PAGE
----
Lazy as shoot reloader. What are my long term risks or consequences?


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italy4nra
June 11, 2012, 12:12 PM
I have to admit (applies only to 45 ACP and 9mm)...

I don't sort the brass.
I don't clean or polish the cases.
I don't ream the primer pockets.
I keep new brass with range pickup brass.

I pull from the bucket. If it is too grungy, dented, burred, or the primer pocket is clogged, I just throw it in a second bucket and pick the next one.

I put them through a go-nogo template for length (20 at a time), but I don't suppose this is exact on the fraction of mm. I check OAL one at a time through a gonogo template.

Brass goes from the gun, to the floor, to the bucket, to the template, to the press and just gets a little finger wipe from me at the reloading bench if there is grime or sand. I use carbide dies.

I am pretty new to reloading, just a year. I shoot 100 pistol cartridges every week, sometimes 150.

Yep, they are not shiny pretty rounds, but I have only had one problem over those thousands because I compressed the case overseating the bullet (like a little ripple half way down the case).

They always go bang. What can go wrong in the long term from being such a lazy sob (about straight wall case prep - not other things) ?

(I am very careful about load and OAL)

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cfullgraf
June 11, 2012, 12:30 PM
Most handgun brass does not need the primer pocket reamed. Very little new handgun ammunition has crimped in primers so no problems there.

If you pick up lots of range brass, be aware you may run into some once in a while and then you will need to remove the crimp. Without removing the crimp, you will not be able to seat the new primer.

Brass you shoot and pick up, no real problem without cleaning. Since most resizing dies today are carbide, they can handle a little debris without scratching the insert. If they were steel dies, you would not be able to get away with it.

Range pick brass if outdoors could be filled with all sorts of junk. At least clean out the dirt and debris and make sure the flash hole is clear.

Still, it would be better to run all your cases through a tumbler a little to clean out the loose stuff.

Handgun cases such as 9x19 and 45 ACP do not stretch much, if at all, on shooting. i stopped measuring my handgun brass 30 years ago.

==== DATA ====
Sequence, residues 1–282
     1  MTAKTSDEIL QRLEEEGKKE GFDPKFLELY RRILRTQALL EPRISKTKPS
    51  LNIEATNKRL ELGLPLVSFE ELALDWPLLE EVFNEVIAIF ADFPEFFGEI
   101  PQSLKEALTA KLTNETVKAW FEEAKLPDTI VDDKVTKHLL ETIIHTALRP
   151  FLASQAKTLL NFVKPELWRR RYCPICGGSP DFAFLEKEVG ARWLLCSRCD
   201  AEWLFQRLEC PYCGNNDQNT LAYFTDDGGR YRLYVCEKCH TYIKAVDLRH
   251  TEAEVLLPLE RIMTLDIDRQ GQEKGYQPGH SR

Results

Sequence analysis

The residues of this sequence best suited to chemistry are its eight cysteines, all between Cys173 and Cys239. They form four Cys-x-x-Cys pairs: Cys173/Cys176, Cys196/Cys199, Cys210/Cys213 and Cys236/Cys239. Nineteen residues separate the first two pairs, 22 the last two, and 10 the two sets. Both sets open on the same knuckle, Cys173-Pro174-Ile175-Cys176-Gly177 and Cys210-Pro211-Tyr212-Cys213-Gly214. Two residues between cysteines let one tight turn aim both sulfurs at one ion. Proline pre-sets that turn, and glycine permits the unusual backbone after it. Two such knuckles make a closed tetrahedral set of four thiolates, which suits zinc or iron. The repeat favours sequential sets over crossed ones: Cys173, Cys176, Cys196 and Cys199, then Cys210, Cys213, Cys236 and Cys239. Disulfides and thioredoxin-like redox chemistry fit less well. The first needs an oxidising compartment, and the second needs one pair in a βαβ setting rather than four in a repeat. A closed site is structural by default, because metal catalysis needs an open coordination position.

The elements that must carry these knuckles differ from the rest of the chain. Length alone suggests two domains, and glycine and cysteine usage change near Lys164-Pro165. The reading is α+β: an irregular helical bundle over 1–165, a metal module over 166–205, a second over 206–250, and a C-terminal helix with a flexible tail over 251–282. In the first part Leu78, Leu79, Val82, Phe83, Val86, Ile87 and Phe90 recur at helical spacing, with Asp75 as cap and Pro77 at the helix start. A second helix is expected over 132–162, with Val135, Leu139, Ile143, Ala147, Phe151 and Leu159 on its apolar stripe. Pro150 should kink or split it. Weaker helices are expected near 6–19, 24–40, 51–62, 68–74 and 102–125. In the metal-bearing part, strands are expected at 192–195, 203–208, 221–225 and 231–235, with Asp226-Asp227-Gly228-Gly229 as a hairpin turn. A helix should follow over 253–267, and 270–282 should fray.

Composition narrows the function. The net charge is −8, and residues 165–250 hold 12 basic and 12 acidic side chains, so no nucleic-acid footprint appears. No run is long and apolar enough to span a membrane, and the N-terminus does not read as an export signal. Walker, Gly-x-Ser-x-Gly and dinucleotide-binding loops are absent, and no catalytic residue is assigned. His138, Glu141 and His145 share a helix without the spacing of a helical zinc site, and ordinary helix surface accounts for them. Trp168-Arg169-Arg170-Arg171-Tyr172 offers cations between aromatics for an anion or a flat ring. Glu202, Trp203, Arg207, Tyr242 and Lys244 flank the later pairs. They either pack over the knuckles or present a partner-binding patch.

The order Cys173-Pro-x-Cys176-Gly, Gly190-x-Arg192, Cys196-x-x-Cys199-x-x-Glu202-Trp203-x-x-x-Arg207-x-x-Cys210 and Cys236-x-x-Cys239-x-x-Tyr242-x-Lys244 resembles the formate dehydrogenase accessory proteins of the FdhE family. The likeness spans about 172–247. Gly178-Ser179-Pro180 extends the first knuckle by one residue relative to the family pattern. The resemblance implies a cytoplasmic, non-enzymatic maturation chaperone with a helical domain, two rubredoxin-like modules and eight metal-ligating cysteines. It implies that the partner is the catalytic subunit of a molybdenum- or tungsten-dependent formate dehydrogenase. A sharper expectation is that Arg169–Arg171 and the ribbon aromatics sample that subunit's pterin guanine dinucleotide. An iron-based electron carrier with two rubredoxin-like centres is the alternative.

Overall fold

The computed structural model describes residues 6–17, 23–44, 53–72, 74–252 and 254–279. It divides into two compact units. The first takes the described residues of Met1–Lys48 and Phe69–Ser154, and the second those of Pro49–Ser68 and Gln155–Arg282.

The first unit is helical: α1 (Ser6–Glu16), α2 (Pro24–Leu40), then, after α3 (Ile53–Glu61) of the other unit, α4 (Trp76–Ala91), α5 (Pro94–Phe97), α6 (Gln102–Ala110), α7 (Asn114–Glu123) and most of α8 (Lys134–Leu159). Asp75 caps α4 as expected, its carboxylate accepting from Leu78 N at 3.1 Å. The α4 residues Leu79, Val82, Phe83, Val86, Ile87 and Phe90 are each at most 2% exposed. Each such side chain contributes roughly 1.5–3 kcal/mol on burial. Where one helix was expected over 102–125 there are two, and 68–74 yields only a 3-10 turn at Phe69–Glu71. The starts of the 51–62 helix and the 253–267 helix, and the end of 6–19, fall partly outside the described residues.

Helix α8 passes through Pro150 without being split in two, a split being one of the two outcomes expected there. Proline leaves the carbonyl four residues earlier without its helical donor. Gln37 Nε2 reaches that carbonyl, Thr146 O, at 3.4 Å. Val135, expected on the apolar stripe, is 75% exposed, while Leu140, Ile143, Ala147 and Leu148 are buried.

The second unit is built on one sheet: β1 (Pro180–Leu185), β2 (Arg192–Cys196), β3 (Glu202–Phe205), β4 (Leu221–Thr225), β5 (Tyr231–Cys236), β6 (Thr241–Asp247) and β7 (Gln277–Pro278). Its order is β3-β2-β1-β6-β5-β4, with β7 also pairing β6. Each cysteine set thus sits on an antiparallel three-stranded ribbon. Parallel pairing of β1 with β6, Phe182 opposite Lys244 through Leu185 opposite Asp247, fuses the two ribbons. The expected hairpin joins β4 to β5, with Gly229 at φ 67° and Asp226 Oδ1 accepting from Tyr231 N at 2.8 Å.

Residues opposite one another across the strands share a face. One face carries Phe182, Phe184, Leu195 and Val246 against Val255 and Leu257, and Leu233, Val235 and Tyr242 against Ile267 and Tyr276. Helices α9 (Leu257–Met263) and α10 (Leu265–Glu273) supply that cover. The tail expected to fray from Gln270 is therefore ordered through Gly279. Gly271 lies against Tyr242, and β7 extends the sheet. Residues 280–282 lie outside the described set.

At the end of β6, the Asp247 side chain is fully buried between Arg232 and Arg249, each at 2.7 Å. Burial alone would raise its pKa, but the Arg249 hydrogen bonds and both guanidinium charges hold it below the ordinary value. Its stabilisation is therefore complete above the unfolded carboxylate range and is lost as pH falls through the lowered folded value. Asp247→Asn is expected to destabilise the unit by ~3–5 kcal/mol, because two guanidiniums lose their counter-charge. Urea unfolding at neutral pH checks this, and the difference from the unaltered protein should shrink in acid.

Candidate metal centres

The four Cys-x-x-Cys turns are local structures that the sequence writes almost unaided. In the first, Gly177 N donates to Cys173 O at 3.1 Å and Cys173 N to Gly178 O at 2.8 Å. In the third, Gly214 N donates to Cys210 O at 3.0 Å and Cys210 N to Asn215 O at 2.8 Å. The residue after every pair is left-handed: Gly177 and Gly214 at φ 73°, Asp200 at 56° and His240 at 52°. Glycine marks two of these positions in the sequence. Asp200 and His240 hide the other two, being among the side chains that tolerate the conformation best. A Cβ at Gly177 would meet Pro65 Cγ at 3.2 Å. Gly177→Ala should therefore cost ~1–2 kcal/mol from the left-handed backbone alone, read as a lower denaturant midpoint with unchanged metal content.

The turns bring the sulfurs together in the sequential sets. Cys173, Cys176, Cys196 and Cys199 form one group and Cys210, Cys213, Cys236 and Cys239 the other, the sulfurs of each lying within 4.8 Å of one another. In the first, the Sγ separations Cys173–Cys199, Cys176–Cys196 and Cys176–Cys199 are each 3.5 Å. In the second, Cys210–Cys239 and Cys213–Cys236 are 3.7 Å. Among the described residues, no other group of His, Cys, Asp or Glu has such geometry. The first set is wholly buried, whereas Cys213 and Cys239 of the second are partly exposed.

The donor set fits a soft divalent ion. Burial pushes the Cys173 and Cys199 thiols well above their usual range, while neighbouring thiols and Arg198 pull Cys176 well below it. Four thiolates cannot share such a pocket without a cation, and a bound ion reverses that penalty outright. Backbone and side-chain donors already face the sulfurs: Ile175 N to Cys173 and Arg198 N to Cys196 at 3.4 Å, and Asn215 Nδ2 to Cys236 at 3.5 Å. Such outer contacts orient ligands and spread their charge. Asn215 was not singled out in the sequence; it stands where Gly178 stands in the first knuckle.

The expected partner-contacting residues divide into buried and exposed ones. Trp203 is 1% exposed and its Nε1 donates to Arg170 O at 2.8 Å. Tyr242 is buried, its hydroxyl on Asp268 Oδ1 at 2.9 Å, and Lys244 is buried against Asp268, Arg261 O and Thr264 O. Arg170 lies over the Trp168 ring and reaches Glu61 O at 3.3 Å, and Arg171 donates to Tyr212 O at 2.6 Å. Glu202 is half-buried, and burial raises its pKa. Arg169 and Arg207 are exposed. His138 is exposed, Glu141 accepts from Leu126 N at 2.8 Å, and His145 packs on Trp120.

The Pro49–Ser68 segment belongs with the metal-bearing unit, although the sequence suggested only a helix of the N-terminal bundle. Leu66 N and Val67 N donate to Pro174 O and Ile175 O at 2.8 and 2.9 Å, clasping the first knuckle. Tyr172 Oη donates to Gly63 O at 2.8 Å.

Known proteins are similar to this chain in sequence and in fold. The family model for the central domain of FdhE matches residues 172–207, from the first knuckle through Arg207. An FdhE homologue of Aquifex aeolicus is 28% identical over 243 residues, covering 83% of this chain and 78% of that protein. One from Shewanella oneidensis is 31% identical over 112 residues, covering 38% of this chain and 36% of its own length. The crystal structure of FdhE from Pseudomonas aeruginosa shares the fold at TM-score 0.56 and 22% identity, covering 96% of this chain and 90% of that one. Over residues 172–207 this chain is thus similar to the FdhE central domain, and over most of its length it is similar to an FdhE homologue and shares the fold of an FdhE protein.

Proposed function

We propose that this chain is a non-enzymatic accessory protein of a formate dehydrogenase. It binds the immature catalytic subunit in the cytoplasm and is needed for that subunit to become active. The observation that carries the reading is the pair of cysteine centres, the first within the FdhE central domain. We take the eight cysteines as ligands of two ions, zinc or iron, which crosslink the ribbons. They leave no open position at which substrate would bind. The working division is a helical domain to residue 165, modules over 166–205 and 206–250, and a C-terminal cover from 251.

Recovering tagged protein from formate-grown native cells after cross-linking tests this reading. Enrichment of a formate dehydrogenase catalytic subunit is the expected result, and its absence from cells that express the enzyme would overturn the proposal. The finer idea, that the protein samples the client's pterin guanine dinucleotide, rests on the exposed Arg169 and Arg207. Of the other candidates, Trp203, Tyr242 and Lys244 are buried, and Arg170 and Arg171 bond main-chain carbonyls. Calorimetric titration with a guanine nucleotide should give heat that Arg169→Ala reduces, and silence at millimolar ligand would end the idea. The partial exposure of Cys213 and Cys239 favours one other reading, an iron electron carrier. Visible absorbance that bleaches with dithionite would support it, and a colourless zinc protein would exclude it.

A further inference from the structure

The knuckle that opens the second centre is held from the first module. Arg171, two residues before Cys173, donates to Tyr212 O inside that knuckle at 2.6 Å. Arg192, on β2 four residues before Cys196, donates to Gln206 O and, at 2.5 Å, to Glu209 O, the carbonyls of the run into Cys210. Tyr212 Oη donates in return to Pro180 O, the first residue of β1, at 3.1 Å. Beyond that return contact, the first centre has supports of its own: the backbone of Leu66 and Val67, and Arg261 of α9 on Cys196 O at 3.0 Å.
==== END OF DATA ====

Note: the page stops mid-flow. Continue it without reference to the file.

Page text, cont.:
Rifle is a different story on trimming.

chhodge69
June 11, 2012, 12:37 PM
You'll need to clean your dies now and then to remove gunk that would normally be washed or scrubbed away in the case-cleaning steps.

That's all I can think of.

GCBurner
June 11, 2012, 01:40 PM
No real problem for loading plinking ammo with straight cases like 9mm and .45ACP. when you pick up the range brass, watch out for the .45 cases that use small pistol primers instead of large, and keep them separate.

kingmt
June 11, 2012, 01:52 PM
Most of the range brass I find has crimped pockets.

greyling22
June 11, 2012, 01:54 PM
I wouldn't even bother with the checking for length, but I used a stubby bullet for 45 and it stayed well under the max oal. I'd run them through a tumbler occasionally, but in college, before I had a tumbler, I just wiped them down with paint thinner and on old sock.

long term risks? the occasional jam. worst case scenario: out of battery discharge that blows shrapnel into your eyes and blinds you.

Sam1911
June 11, 2012, 01:55 PM
I do clean mine with a vibratory tumbler, but that's about it. All the 9mm and .45 ammo I load is in mixed brass that includes stuff I've been shooting for 10 years and stuff that was swept off of various ranges. I give each piece a glancing inspection just before they go in the press, looking for heavy primer crimps, oddball primer sizes, known bad head-stamps, and cracked mouths.

No real value in going much more overboard for range and action-pistol match ammo in service sidearms.

Arkansas Paul
June 11, 2012, 01:59 PM
I clean mine in a tumbler, but I don't do any of the other stuff. I used to sort brass, but decided it wasn't worth it for my needs. There's not enough difference to matter for hunting purposes. I've never cleaned a primer pocket.

MtnCreek
June 11, 2012, 02:14 PM
I tumble all my brass, but otherwise I load most pistol the way you describe. I have some primer loss because of crimped 9mm. I was loaded 9mm the other week and felt a lot of resistance on the primer. I went ahead and smashed it in and fired it (primer only) in a pistol. I was surprised it went pop! This thing was mangled in there.

Ultravox
June 11, 2012, 03:25 PM
I tumble my .45 ACP, but it's a mix of head stamps and number of firings. I just toss it all in a bucket.

I sort by primer size when I'm depriming. I load both large and small primers.

gamestalker
June 11, 2012, 04:42 PM